Keeping It Real

By Je’Rod Cherry

Because John Wall does the “Dougie Dance”, Colin Cowherd has lambasted him for lacking in maturity. Wall, the “flashy” rookie point guard for the Washington Wizards, was recently asked the following: “Who is your all time favorite NBA player?” Much to the chagrin of Cowherd, Wall did not proclaim the Golden Age NBA standard bearers like Magic Johnson, Michael Jordan, Dr. J, Isiah Thomas, Larry Bird, and Charles Barkley as his favorite all time players. Instead Wall, to his credit, “kept it real” and chose Allen Iverson, aka “The Answer.”  As I understood it, Colin’s main argument was that Wall’s admiration for Iverson is a poor business choice and a reflection of Wall being more of a ‘me guy” as opposed to a team player. Time will tell if Colin’s assertions are correct.

Considering Walls age, his high regard for Iverson is understandable. If you consider that except for MJ, most of the Hall of Famers just mentioned were either retired, near it, and/or on the decline, when Wall was born and coming of age.

If you think about it, during the mid to late 90’s the face of the NBA was thuggery.

During that time, we saw life imitating art in that hip hop cultures embracing of  “gangsta rap” and thuggery as a cultural medium was what most NBA players identified with. If I mention Spreewell, McGrady, Webber, Iverson, and Shaq, what comes to mind, poor attitude and insubordination? Those players, whether wrong or right, were perceived as thugs as opposed to the romanticized rebels with a cause.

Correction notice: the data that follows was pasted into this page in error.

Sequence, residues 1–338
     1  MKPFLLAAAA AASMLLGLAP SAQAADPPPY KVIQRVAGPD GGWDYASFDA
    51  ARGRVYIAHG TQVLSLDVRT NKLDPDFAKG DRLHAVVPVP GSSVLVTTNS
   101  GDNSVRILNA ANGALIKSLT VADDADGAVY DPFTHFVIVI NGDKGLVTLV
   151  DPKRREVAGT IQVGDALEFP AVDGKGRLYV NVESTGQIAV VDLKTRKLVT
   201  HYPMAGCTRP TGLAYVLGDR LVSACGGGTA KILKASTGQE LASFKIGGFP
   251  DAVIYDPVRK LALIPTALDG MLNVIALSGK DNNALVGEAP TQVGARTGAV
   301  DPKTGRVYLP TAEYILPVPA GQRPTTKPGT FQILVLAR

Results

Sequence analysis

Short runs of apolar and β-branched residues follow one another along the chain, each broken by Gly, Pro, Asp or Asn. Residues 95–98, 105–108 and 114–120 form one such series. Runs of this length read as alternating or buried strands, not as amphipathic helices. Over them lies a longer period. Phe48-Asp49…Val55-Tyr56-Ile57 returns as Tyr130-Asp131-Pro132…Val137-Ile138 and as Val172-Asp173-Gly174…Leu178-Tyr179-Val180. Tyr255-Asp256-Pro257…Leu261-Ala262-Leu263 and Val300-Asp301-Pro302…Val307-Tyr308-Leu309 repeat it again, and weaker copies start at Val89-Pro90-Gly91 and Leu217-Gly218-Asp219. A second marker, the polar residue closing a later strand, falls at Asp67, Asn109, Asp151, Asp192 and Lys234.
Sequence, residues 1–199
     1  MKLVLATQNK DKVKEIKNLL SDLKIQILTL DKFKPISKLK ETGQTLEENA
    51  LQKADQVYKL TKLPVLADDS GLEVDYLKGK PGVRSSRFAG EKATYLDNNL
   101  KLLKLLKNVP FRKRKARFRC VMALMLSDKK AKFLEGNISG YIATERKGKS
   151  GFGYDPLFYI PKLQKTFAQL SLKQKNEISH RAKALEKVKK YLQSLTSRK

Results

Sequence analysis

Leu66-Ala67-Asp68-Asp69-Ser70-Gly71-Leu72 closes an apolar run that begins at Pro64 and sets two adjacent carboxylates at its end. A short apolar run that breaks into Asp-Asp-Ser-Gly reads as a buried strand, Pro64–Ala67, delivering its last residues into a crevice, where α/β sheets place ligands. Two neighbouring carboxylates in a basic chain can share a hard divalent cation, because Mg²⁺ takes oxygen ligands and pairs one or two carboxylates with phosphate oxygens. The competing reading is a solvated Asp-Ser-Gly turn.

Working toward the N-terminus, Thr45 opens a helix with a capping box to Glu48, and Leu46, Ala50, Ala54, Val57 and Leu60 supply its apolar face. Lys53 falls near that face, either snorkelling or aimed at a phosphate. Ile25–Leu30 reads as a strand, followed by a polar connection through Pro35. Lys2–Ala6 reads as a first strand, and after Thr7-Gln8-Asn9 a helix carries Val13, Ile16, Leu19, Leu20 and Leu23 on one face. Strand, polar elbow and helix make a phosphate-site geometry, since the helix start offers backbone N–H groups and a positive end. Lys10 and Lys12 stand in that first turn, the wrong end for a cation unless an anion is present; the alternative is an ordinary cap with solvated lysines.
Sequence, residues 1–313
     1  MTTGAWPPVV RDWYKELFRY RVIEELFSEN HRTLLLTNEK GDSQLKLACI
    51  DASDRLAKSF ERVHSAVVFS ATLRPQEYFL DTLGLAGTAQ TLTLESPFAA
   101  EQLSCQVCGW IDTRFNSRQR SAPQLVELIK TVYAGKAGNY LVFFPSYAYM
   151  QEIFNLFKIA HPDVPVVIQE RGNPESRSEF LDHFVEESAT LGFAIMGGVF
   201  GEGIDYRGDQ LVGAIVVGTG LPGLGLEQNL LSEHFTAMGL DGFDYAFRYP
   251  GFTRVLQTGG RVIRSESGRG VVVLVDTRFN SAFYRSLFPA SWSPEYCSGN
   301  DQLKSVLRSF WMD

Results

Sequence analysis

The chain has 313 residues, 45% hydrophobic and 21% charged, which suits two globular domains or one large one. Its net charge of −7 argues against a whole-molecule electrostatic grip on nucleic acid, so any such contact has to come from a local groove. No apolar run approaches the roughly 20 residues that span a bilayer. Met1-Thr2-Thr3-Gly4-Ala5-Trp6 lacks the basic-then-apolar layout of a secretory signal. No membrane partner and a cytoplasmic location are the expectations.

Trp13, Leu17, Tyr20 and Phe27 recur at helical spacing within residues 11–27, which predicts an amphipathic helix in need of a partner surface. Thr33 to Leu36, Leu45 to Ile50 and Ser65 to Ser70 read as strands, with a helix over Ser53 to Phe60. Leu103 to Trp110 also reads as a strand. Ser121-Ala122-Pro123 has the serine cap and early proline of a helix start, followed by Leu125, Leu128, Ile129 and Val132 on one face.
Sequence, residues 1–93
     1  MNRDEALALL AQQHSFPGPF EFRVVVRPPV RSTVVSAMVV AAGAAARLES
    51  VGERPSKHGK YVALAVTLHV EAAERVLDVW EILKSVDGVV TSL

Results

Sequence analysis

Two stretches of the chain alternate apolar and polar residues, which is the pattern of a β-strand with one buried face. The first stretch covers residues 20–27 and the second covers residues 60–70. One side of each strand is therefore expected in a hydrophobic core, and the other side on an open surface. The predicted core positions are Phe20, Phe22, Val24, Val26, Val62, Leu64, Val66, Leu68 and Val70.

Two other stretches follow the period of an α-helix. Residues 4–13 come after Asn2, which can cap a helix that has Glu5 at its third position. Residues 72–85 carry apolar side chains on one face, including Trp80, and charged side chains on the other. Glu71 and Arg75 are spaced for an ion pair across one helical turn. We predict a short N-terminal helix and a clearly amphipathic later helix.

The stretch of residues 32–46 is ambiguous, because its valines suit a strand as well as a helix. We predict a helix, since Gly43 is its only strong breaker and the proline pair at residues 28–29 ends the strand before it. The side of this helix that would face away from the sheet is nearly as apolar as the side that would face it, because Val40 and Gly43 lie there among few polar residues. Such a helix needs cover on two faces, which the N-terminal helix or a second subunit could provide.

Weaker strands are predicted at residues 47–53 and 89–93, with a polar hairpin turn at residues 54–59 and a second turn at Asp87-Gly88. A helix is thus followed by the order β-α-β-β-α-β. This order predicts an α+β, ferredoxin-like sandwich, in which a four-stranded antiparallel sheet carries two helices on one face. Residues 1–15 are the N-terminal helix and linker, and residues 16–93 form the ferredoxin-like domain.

Consider that during the late 90’s and early 2000’s the NBA was so unappealing to middle America that the NBA had to eventually issue a dress code to revamp the leagues image from do-rags and baggy sweats to business/ business casual.

Also at this time, NBA players and other athletes all over the world were beginning to lose off-the-court advertising dollars to a young Eldrick “Tiger” Woods.  With no NBA player possessing the charisma and appeal of Jordan, Tiger Woods was masterfully packaged by Madison Avenue as the heir apparent to Michael Jordan’s athletic advertising kingdom. And until recent activities, boy did Tiger flourish!

What NBA players like Iverson lacked, Tigers Woods had.  His value system on the surface aligned directly to the core values of Middle America: moral, ethical, clean cut, well spoken, great work ethic, calm under pressure, and a winner.  Who knew that when it came to his dealings with the “ladies” Tiger was as “gansta” and misogynistic as Snoop Dogg’s rap lyrics.

Which brings me to my point. Wall’s choice of Iverson as his favorite player will not sell well to the general public considering Iverson’s track record and recent problems. I am impressed however, with the fact that Wall did not choose the politically correct answer and decided to “keep it real.”  Yet the practical side of me wonders if maybe Wall is still so young and innocent, that he does not yet realize that if you say what you really do not mean, you can become even more rich and famous.


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